Global economy

Agnès Bénassy-Quéré, Matthieu Bussière, Pauline Wibaux, 16 August 2018

Recent events on the international stage have reignited the debate on trade and currency wars. This column compares two forms of non-cooperative policies – import tariffs and currency devaluations – within a single framework. The results show that tariffs and devaluations do not have equivalent effects on trade flows. A 1% depreciation of the importer's currency reduces imports by around 0.5% in current dollars, whereas an increase in import tariffs by 1 percentage point reduces imports by around 1.4%.

Marco Buti, Mirco Tomasi, 20 July 2018

International economic cooperation is in crisis. The global economy faces fragmentation across institutional, economic, and social dimensions. This column argues that the task of the G20 is to revamp international economic cooperation and to promote a multilateral approach that addresses the key concerns of our citizens starting with greater inclusiveness and fairness. Europe can play a leading role in a world in search of a new anchor. 

Moreno Bertoldi, Paolo Pesenti, Hélène Rey, Petr Wagner, 20 July 2018

Ten years after the global crisis, transatlantic relationships are at a crossroads. This column summarises a conference jointly organised by the New York Fed, the European Commission, and CEPR at which the participants discussed the strength of current growth prospects and the likelihood of inflation remaining subdued in advanced economies, and whether the current regulatory and policy frameworks are well suited to supporting financial stability and growth. One conclusion was while an escalation in trade tensions between the US and EU would have significant economic consequences on both sides of the Atlantic, this is not a foregone conclusion and there is room to uphold and strengthen the transatlantic relationship.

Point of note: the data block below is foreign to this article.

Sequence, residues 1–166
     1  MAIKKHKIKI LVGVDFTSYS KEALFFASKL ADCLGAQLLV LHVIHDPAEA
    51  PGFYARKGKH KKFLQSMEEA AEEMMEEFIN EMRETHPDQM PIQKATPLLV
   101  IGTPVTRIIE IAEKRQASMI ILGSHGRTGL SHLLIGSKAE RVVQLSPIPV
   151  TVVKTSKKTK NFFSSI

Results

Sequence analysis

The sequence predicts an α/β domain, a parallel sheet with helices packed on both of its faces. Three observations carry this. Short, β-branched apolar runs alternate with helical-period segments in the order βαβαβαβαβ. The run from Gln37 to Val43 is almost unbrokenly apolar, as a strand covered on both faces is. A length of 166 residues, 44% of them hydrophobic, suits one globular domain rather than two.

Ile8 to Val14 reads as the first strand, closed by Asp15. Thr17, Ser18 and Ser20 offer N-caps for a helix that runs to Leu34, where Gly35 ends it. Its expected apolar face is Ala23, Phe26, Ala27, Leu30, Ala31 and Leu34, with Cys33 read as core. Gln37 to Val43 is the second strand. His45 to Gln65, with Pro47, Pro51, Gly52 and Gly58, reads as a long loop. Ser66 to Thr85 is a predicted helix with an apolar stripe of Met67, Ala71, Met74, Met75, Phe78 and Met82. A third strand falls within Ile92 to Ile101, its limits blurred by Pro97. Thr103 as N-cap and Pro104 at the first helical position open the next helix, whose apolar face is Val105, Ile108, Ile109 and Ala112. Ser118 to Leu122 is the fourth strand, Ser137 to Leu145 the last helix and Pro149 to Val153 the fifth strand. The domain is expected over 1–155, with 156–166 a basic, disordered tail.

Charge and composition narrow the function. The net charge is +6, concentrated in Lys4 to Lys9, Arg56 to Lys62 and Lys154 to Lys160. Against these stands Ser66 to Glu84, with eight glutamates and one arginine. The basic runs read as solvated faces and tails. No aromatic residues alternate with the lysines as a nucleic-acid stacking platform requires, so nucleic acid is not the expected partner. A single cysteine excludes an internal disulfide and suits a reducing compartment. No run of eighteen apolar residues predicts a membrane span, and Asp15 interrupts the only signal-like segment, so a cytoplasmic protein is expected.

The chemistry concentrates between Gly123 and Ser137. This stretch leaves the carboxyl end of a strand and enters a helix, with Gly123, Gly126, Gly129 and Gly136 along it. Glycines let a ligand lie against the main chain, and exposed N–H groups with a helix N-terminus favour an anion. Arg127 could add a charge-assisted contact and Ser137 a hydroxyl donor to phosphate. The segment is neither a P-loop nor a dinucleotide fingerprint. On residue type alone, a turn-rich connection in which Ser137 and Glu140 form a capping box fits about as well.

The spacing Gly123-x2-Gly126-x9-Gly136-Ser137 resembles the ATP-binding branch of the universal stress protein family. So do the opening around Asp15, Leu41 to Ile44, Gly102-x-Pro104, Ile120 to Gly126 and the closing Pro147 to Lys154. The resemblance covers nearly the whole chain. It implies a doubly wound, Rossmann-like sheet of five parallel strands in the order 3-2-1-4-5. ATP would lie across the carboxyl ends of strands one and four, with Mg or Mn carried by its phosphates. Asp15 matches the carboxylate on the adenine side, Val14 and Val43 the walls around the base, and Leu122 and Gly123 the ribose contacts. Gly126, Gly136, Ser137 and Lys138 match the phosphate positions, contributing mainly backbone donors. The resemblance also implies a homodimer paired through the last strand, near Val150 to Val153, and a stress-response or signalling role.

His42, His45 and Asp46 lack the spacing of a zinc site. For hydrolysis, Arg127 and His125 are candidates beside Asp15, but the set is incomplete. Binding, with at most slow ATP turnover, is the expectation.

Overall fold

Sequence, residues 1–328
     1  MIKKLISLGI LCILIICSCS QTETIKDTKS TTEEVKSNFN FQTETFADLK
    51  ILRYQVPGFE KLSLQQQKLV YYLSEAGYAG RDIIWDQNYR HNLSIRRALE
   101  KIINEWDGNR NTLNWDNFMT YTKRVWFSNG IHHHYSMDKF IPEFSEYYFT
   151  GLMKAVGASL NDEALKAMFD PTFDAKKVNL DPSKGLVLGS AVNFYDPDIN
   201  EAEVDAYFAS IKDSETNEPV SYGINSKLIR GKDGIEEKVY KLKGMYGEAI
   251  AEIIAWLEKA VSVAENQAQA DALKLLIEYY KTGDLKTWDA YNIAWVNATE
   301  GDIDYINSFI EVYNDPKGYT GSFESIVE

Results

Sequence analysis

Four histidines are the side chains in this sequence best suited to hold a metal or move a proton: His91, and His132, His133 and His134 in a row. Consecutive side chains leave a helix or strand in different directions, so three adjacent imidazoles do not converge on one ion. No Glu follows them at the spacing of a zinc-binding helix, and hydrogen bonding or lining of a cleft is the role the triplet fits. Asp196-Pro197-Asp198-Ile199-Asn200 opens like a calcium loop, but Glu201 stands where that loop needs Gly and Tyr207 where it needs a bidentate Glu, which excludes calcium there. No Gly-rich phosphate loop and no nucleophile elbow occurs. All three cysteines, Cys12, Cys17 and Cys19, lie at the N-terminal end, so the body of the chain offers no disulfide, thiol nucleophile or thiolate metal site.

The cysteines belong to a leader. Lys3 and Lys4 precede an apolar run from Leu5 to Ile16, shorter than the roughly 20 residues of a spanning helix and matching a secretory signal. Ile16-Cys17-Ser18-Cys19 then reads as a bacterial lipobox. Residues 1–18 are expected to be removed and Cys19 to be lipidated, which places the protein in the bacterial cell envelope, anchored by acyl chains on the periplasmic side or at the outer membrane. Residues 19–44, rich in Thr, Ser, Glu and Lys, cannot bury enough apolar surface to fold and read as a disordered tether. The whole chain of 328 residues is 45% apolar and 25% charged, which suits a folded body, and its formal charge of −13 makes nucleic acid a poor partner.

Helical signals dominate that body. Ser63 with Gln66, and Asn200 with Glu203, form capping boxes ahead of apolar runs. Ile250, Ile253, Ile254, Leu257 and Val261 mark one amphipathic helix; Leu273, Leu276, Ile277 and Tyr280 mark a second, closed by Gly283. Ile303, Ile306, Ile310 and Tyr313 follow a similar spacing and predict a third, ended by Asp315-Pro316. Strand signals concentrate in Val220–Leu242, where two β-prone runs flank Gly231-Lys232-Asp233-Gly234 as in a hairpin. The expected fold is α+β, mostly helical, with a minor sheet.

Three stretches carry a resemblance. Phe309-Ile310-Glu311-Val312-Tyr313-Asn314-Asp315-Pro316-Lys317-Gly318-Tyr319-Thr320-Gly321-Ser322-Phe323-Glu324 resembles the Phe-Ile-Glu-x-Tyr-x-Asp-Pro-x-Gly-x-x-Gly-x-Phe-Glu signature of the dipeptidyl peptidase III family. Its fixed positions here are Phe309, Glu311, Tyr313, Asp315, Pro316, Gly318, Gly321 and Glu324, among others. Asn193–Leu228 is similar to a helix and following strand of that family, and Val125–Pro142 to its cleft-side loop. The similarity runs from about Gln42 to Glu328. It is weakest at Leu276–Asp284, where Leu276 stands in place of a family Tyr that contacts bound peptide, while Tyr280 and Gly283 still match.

Gert Bijnens, Jozef Konings, 19 July 2018

Evidence from the US indicates that business dynamism is declining, and that this affects overall productivity growth. This column explores business dynamism in Belgium between 1985 and 2014. The results show remarkable similarities to those from the US, suggesting that these changes are likely due to global trends such as the rise of information and communication technology.

Julian Schumacher, Christoph Trebesch, Henrik Enderlein, 16 July 2018

For centuries, sovereign debt was assumed to be ‘above the law’ and non-enforceable. This column shows that this is no longer the case. Building on a new dataset on sovereign debt lawsuits, it documents the erosion of sovereign immunity since the 1970s and argues that legal disputes can disrupt government access to international capital markets, as foreign courts impose a financial embargo on defaulting sovereigns. These legal developments have strengthened the hands of creditors and raised the cost of default for debtors, with far-reaching consequences for government willingness to pay and the resolution of debt crises.

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